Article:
This article covers all brakes which consist of two separate arms for each wheel, each with a brazed-on pivot attaching it to the frame or fork. In connection with this article, please read the lead article about rim brakes. It covers, among other things,
Most brake problems are caused by excessive friction or poor installation of the cables, not by poor setup, or poor quality brakes. Also see the article on cables for information on cable selection and adjustment of brake cables and brake levers.
Cantilever brakes have the brake shoe and cable attachment on the same side of the pivot (cantilevered). All of these brakes require special brazed-on fittings on the frame. These fittings are commonly called "studs" or "bosses."
U-brakes and Roller-cam brakes have the cable and brake shoe attached on opposite sides of the pivots, which are brazed on.
Caliper brakes attach with a bolt above the tire and have integral pivots. There are several types. The article on caliper brakes describes how to work on these brakes.
This page leads to four separate pages, each dealing with a different sub-type. Click on the heading below to go to the relevant page:
This is the type most commonly used since the mid 1990s. This is the only style of cantilever brake where the cable comes to the cantilever set from one side, rather than down the middle.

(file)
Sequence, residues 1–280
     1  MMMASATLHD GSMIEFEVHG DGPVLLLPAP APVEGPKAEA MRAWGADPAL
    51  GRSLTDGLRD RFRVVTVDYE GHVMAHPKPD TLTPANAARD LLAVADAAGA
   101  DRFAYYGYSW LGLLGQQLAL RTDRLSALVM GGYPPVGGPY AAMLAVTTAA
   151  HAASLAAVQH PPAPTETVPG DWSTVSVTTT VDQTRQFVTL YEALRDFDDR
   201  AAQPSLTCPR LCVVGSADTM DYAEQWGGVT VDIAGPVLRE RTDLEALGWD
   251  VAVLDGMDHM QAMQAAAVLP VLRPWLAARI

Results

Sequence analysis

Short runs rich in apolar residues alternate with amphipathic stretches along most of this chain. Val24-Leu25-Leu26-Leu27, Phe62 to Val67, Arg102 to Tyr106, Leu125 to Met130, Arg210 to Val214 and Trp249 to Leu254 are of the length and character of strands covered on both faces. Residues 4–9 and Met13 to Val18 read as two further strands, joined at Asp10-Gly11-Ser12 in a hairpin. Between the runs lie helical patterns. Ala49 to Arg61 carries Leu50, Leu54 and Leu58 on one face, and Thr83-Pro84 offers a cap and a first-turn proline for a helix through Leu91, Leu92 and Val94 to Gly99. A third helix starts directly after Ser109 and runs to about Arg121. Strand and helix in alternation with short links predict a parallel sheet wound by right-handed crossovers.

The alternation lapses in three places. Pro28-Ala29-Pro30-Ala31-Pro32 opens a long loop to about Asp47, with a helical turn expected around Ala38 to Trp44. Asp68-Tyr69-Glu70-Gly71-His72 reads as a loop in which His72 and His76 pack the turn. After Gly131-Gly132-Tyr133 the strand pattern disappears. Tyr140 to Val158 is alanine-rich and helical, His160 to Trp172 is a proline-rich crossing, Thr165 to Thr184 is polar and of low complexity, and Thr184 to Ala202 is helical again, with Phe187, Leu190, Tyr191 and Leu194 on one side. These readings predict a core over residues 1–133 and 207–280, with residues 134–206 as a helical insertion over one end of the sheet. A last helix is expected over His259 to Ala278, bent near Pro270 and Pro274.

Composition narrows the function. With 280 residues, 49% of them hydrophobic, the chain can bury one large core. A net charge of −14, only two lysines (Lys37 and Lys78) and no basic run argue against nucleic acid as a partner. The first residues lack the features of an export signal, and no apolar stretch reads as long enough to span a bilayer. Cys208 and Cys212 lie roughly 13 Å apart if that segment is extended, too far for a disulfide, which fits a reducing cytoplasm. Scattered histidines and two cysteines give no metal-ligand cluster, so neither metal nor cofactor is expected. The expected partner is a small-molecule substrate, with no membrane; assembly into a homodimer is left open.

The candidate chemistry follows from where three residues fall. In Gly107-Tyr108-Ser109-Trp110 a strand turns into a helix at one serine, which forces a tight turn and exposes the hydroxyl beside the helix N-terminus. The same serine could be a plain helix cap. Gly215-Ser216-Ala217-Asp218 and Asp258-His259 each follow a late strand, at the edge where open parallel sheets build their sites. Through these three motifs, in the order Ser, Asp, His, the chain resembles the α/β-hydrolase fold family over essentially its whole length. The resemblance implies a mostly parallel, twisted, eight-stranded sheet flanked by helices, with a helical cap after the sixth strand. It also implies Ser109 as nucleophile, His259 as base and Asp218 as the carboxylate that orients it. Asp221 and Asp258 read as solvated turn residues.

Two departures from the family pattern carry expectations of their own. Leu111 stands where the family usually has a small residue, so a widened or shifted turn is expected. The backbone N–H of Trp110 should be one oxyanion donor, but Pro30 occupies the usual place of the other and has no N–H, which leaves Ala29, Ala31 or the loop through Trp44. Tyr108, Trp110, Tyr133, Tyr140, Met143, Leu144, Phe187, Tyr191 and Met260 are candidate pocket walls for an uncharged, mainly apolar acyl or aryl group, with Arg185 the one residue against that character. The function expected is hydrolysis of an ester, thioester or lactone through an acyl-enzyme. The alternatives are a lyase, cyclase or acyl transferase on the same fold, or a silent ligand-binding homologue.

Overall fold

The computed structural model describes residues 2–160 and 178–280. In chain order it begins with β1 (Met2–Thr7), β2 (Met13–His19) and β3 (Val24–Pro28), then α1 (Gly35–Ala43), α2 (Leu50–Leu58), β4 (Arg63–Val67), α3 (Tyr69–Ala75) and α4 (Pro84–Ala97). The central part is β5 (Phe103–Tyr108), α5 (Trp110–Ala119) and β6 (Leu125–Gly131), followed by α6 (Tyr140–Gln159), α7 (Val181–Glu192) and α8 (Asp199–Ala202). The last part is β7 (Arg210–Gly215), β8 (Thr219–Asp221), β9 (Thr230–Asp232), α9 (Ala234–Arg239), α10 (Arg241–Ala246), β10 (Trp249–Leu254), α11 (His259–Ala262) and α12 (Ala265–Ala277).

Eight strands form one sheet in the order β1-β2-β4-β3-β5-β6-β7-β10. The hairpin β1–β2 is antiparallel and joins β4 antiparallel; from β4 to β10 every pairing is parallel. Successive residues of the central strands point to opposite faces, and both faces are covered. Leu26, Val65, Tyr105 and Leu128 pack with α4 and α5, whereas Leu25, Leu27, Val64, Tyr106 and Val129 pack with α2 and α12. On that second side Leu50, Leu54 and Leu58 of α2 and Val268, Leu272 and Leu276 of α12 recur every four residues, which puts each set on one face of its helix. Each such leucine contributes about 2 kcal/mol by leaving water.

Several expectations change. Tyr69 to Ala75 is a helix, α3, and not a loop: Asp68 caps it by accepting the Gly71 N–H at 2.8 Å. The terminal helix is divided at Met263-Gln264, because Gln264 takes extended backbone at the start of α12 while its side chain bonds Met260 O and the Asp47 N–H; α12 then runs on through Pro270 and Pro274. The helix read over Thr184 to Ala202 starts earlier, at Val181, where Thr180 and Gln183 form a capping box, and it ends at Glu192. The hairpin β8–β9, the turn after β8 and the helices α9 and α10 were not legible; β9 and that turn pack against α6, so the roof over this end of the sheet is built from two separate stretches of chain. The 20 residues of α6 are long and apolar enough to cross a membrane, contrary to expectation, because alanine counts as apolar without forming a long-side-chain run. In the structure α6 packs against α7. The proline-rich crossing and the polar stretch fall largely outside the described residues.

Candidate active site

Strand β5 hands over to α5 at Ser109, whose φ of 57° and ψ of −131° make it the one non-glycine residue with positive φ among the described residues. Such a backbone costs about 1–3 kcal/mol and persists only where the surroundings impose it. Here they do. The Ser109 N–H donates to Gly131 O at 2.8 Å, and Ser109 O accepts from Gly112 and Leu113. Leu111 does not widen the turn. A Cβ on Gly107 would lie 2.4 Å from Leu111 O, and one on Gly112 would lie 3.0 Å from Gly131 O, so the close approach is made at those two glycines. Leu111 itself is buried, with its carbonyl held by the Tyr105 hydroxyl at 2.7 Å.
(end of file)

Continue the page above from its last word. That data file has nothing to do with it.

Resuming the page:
These were used on almost all mountain bikes made before the mid 1990s, and are still popular on touring and cyclocross bicycles. This type of brake should be used with a fender, reflector bracket or other device to prevent the transverse cable from snagging the tire if the main cable parts.
These were fashionable for mountain bikes around 1987, typically mounted underneath the chainstays. The pivot for each brake is between the brake shoe and cable attachment, and so these are not cantilever brakes.
U-brakes have had a bit of a revival in the last few years for use on freestyle bicycles
(Functionally, U-brakes are very similar to the center-pull caliper brakes popular on sport bikes of the 1960s and '70s.)
The Roller-cam brake was a predecessor of the U-brake, and had a brief vogue in the mid 1980s. The pivot for each brake is between the brake shoe and cable attachment, and so these are not cantilever brakes.
(Unit shown is a contemporary roller-cam caliper brake.)
|Frame-Mounted Brake Compatibility/Interchangeability
|Below the Rim
Cable comes in from the side.
Lower housing stop is part of the cantilever.
Cable runs down the bicycle's center line.
Lower rear housing stop on frame,
|Above the Rim
Direct-pull cantilevers require special brake levers. Direct-pull brake levers pull the cable twice as far, half as hard. It is not generally safe to mix and match levers/cables between direct pull and other types for this reason.
Last Updated: by John Allen